I have been thinking about this moms-kicking-ass thing for awhile. You'd THINK that after having a baby a woman's athletic prowess would decline. She's not only physically busted up and out of shape after having a baby, but she now has to take care of a wee one. She is no longer the epi-center of her own life. Baby is. So she should suck now, right? Out of the game, finito, done.
But it does not happen this way. Often said mommy gets better after giving birth.
This has been a source of interest among elite women athletes of late. It has been observed that killer runners like Paula Radcliffe have continued to kick ass after bearing bambinos. Some of the best women pro and amateur triathletes are mommies--like say, Heather Gollnick, Bree Wee, Brooke Davison or Rachel Ross. Kara Goucher recently announced her intention of having a baby following her Boston debut in an interview for Runner's World. She appears confident that having a baby will absolutely not have a negative effect on her racing.
Why is this?
I have a theory.
Women who have children improve their athletic performances after giving birth because having a baby(ies) makes one:
1. tougher than fucking nails.
2. appreciate being athletic in a way non-moms will never understand.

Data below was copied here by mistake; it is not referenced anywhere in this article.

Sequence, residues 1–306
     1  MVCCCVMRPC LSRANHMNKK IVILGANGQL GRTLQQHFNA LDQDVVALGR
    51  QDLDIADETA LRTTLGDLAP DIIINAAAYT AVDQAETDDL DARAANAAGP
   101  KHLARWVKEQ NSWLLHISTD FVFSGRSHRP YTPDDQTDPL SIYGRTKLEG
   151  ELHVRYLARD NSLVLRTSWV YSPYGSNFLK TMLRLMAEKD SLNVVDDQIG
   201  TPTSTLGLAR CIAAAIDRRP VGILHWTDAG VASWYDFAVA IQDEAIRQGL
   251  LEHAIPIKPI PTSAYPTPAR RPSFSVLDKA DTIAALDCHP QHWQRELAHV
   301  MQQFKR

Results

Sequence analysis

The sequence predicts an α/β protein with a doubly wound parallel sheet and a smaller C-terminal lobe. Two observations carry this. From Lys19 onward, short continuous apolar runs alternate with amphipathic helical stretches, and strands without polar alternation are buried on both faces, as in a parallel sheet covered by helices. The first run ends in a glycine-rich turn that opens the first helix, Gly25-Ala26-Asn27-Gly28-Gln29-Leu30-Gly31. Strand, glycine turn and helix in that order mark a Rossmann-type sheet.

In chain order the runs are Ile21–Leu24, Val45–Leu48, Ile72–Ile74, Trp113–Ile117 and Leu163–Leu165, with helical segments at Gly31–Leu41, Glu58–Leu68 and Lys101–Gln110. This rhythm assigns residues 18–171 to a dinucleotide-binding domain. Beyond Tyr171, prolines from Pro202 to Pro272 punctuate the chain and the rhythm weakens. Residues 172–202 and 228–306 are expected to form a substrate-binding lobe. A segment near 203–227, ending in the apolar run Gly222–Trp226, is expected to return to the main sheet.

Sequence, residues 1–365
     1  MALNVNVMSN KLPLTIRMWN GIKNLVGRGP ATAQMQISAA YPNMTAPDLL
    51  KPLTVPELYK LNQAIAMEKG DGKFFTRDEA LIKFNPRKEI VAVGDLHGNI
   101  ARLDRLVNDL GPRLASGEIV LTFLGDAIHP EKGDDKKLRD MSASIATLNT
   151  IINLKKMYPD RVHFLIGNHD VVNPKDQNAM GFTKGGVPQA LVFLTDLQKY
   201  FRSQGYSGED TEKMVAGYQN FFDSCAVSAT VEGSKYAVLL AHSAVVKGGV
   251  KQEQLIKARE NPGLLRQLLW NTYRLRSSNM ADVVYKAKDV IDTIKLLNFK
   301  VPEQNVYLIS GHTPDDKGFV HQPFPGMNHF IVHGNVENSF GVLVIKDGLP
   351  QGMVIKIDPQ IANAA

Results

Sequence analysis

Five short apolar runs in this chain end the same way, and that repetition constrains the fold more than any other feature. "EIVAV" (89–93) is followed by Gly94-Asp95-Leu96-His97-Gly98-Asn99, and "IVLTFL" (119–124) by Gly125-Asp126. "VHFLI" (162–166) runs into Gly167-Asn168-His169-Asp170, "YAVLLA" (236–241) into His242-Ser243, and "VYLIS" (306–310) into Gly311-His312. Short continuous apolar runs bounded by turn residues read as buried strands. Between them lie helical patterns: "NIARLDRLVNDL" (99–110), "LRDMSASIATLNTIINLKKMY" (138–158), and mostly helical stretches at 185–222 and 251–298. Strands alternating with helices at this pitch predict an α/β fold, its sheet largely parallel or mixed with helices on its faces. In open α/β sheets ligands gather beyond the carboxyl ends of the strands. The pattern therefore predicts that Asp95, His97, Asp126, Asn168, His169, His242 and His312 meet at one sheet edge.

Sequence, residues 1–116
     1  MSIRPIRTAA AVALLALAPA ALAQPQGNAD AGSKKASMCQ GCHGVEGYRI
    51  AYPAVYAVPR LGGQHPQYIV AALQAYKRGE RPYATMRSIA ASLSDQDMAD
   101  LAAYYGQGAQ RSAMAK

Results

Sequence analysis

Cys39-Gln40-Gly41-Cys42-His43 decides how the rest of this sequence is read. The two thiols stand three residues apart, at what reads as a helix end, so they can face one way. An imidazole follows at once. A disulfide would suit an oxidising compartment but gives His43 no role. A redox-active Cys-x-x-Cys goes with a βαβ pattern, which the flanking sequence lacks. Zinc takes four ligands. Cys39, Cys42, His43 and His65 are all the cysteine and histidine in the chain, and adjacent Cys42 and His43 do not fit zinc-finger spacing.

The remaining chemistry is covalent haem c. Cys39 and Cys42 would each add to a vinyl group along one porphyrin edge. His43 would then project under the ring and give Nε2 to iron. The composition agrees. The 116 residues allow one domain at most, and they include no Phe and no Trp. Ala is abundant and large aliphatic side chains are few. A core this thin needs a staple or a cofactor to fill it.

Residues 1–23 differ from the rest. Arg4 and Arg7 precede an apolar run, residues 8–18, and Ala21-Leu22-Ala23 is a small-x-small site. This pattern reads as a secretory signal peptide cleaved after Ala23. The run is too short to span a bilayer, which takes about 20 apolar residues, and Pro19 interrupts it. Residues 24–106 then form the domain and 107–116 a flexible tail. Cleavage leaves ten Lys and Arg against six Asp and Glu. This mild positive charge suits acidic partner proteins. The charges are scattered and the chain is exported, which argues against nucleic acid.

3. more disciplined, focused and yet flexible about her training than ever before.
4. rested. You must take about six months off from serious training when you're preggers.
Let's start with number one.
These paragraphs will be very boring to those of you who haven't given birth. I apologize. Feel free to skip ahead to my summation.
Having a baby makes you tougher than nails.
There is no endurance event that tops the endurance necessary to get from giving birth to the end of a baby's third month. I repeat, there is no. endurance. event. that. even. compares. Double this fact if a woman has twins. Case in point--Heather Gollnick has twins. So does Jenny Harrison. Can you think of women tougher than those two? I struggle to...And if you have triplets? I bow down to you. I really do.
Childbirth itself is a major endurance event. It often lasts longer than an Ironman. I realize some women opt to get an epidural, but lest you think for a moment that means they have escaped the endurance event this is giving birth, you are wrong.
I won't get graphic about childbirth and what it's actually like. Suffice to say it is--umm--painful. Even with an epidural. Hell, just getting the freaking epidural is painful, although it doesn't compare to the pain of contractions which are so painful there is not a word to describe them.
About 40% of women actually don't get birth vaginally, of course. The c-section is a special treat. Oh, it sounds pretty good. Your epidural is turned all the way up and you just feel "pressure" as they cut you open to extract the baby--unless for some reason the epidural is blocked, which it was on my left side when giving birth to my second child. Then it feels like someone is slicing into your abdomen, which, of course, someone is.
Good-bye gorgeous abs! Baby has ripped them apart while growing inside you and the knife has cut them in half during surgery.
The c-section is major, and I mean MAJOR abdominal surgery. Recovering from it alone takes women weeks--some months. Even just getting out of bed 24 hours after the surgery is an incredible feat--and extremely painful. Your abs are sliced--all the muscle fibers have been cut in two--and so rising from bed, which requires abdominal strength, is like--impossible.